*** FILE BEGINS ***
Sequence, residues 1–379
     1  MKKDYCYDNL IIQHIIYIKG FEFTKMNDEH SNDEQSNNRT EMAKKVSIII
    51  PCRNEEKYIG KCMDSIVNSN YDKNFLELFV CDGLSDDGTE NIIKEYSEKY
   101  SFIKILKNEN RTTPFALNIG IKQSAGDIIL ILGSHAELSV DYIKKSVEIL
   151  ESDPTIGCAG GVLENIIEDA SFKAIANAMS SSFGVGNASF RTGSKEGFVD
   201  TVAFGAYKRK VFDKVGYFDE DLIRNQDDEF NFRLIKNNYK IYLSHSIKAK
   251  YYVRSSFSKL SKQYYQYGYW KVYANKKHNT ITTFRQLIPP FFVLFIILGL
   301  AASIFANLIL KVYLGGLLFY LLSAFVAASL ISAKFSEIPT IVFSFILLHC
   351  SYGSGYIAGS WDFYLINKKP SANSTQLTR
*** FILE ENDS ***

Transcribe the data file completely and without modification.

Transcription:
Sequence, residues 1–379
     1  MKKDYCYDNL IIQHIIYIKG FEFTKMNDEH SNDEQSNNRT EMAKKVSIII
    51  PCRNEEKYIG KCMDSIVNSN YDKNFLELFV CDGLSDDGTE NIIKEYSEKY
   101  SFIKILKNEN RTTPFALNIG IKQSAGDIIL ILGSHAELSV DYIKKSVEIL
   151  ESDPTIGCAG GVLENIIEDA SFKAIANAMS SSFGVGNASF RTGSKEGFVD
   201  TVAFGAYKRK VFDKVGYFDE DLIRNQDDEF NFRLIKNNYK IYLSHSIKAK
   251  YYVRSSFSKL SKQYYQYGYW KVYANKKHNT ITTFRQLIPP FFVLFIILGL
   301  AASIFANLIL KVYLGGLLFY LLSAFVAASL ISAKFSEIPT IVFSFILLHC
   351  SYGSGYIAGS WDFYLINKKP SANSTQLTR